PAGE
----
I am constantly reminded of the risk that is living. Of the bigger risks of chasing progress. Of the occasional triumphs, of the occasional defeats, of the considerable investment of time and energy often required to progress even a single step.

    What’s it like to play Demon’s Souls?
    Struggle. Defeat. Renewal. Trepidation. Caution. Triumph. Pride. Overconfidence. Defeat.

    What does it mean to live?
    Struggle. Defeat. Renewal. Trepidation. Caution. Triumph. Pride. Overconfidence. Defeat.

    Again. And again.

    Life. Demon’s Souls.

    With an adjustable difficulty setting, the Souls games would lose these magical qualities, and sink back into the quagmire of average games.

  • It’s the companies choice at the end of the day, to do what makes them more money, to develop not only more games, but higher budget games. However, Dark Souls and Demon’s Souls are revered for what they are. We all need to remember where Demon’s Souls came from and how we first became acquainted with the game. For a significant period after it’s initial release in Asia, we all had to import it (those of us that were aware of it) because the idea of the game’s success in Western countries was completely out of the question to the producers.

    A game this difficult, could only appeal to a niche market and according to From Software, the Western market was beyond that appeal. Soon From Software learned, through a unpredicted quantity of private importing, their game not only appealed to a sizable market in Western Culture, but they were wrong to generalize Western gamers simply from what developers have been offering us.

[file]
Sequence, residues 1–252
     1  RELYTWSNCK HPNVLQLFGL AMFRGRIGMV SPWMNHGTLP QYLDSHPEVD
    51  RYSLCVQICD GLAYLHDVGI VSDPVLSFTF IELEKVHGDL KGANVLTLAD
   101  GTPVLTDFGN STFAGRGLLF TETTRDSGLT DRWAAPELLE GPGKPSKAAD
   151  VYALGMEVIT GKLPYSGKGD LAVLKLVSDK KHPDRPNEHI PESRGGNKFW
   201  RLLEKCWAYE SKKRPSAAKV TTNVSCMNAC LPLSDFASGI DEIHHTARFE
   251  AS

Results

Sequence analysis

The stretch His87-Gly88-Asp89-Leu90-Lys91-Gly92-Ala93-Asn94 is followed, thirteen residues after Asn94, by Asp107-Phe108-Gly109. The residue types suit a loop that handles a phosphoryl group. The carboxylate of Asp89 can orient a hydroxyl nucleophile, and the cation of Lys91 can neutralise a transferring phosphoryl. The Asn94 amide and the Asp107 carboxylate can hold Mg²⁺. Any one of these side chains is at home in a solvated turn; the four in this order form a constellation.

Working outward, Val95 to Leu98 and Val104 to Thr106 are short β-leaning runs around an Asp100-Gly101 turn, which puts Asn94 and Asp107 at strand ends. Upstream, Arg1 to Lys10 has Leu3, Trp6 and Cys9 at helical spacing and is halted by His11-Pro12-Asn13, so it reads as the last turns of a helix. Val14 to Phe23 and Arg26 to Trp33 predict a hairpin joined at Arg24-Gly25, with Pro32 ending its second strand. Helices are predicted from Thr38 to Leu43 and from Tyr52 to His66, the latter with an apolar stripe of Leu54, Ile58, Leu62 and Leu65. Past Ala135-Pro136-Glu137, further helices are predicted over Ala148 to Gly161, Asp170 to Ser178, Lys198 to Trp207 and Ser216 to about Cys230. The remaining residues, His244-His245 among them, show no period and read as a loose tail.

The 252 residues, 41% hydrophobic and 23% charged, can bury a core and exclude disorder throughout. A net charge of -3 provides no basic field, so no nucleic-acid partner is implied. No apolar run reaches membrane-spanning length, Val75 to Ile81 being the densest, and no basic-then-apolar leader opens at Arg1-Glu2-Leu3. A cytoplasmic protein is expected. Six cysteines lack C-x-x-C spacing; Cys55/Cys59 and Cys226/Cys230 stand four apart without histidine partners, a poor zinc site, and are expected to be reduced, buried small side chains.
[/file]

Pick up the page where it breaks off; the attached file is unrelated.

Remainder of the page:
Dark Souls complimented the mystifying success of Demon’s Souls, it said “Thank You” to gamers around the globe… in a brutal, die horribly 10000 times kind of way. The appeal these games have to their fans is unique, it’s a staple in gaming history. However, underneath the media and hype surrounding the difficulty, the brutality and the unforgiving nature of these games, lies an unparallelled atmosphere, genius level design and a signature that nothing could have prepared us for. From the gloriously clunky controls and beautifully designed, yet modest, combat system, these games live through their difficulty. The remaining content still awaiting you on the disc taunts you relentlessly, over and over and over again with each hopeless attempt at the brutal challenge put before you.

    All of these aspects give the gamer a true appreciation for the content, because they earned the content, they fought and died endlessly for it. You want to make the game easy? Sure why not, but you’re not selling the same experience, you’re selling out.

  • One more comment: one genius part of the game design is that it makes you feel like you’ve come further than you actually have.